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Monday, 14 January 2013

Mauritius ratifies Nagoya Protocol

Panama and Mauritius have become the 10th and 11th countries respectively to ratify the Nagoya Protocol on Access to Genetic Resources and the Fair and Equitable Sharing of Benefits Arising from their Utilization to the Convention on Biological Diversity.
Panama deposited its instrument of ratification on 12 December 2012; Mauritius acceded to the Protocol on 17 December 2012. They join the following list of countries that have ratified the ground breaking treaty: Ethiopia, Fiji, Gabon, India, Jordan, Lao People’s Democratic Republic, Mexico, Rwanda and the Seychelles. This makes a total of 11 ratifications and it is envisaged that others will follow suit in the coming months.
Opened for signature at the Earth Summit in Rio de Janeiro in 1992, and entering into force in December 1993, the Convention on Biological Diversity is an international treaty for the conservation of biodiversity, the sustainable use of the components of biodiversity and the equitable sharing of the benefits derived from the use of genetic resources. With 193 Parties, the Convention has near universal participation among countries. The Convention seeks to address all threats to biodiversity and ecosystem services, including threats from climate change, through scientific assessments, the development of tools,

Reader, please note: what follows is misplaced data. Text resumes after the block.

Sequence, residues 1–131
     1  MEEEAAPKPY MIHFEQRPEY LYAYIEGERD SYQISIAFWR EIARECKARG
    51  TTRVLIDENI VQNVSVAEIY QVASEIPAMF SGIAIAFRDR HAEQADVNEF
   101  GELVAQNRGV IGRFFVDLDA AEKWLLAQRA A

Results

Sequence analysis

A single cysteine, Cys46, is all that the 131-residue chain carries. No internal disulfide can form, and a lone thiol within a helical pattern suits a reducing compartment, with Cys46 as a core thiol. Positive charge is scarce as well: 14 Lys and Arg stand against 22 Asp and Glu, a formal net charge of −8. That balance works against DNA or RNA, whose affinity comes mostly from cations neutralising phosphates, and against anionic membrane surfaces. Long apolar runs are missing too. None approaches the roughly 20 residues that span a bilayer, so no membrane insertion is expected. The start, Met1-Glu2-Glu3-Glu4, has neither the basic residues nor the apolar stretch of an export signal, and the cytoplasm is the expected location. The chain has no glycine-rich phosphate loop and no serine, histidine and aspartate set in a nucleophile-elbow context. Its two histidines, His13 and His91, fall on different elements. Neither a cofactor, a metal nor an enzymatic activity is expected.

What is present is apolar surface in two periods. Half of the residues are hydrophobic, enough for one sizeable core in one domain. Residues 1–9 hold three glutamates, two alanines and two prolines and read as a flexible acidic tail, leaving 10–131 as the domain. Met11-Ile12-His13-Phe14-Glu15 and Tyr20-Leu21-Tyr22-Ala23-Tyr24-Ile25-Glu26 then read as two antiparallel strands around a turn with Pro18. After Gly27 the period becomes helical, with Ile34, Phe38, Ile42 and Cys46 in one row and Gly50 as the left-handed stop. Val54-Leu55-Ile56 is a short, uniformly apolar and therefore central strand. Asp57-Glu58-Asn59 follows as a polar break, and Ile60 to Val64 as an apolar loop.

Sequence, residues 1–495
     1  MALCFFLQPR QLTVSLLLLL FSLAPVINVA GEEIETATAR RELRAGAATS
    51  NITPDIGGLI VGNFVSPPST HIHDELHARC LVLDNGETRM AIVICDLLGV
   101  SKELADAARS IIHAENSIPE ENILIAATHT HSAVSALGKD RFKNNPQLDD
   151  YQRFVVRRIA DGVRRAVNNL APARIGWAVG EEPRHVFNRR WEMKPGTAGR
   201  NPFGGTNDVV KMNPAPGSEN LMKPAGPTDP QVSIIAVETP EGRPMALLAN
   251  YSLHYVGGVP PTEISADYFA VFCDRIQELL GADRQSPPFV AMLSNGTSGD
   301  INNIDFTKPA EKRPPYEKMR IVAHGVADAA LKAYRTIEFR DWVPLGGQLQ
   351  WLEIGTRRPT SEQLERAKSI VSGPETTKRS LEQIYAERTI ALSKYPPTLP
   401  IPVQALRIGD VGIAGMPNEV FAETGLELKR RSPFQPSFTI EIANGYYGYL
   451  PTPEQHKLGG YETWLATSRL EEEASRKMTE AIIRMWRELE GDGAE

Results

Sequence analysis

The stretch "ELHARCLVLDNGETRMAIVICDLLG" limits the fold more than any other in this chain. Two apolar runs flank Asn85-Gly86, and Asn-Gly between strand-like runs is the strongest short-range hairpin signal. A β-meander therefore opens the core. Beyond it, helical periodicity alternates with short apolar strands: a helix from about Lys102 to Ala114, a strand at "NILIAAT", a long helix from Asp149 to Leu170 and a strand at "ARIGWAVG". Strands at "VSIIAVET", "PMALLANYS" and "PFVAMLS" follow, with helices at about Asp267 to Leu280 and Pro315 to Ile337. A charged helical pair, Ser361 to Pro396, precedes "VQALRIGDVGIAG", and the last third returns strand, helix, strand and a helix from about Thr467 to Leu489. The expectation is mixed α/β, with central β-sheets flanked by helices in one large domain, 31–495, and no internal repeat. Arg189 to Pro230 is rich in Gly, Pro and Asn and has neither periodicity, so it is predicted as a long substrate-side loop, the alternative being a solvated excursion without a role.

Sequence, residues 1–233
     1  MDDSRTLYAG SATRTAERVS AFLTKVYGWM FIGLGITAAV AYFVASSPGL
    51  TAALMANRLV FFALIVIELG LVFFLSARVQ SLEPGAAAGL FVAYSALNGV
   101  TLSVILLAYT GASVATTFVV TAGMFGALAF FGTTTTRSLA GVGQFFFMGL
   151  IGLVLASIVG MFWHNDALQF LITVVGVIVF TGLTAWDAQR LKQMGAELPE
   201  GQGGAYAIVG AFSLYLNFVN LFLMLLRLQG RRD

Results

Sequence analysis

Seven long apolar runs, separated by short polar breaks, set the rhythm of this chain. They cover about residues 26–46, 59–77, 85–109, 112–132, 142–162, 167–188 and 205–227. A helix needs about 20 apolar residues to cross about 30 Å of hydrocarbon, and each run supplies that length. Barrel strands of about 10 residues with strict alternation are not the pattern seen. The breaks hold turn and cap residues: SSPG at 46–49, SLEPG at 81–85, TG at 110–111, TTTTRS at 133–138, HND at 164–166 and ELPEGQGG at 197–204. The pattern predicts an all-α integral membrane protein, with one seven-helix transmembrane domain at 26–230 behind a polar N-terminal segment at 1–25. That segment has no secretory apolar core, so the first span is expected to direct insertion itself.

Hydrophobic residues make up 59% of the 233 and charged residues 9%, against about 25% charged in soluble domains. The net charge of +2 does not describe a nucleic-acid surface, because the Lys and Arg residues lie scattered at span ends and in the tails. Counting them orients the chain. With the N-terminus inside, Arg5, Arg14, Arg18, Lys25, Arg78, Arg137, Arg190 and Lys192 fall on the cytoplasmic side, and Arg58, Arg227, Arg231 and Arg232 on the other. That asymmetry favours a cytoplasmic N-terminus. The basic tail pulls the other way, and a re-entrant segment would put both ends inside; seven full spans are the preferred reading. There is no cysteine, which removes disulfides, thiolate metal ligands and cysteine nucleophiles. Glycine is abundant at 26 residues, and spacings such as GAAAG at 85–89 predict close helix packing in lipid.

incentives and processes, the transfer of technologies and good practices and the full and active involvement of relevant stakeholders including indigenous and local communities, youth, NGOs, women and the business community.
The Nagoya Protocol significantly advances the objective of the Convention on the fair and equitable sharing of benefits arising from the utilization of genetic resources by providing greater legal certainty and transparency for both providers and users of genetic resources. Specific obligations to support compliance with domestic legislation or regulatory requirements of the Party providing genetic resources and contractual obligations reflected in mutually agreed terms are a significant innovation of the Nagoya Protocol.


Source: The Convention on Biological Diversity (CBD)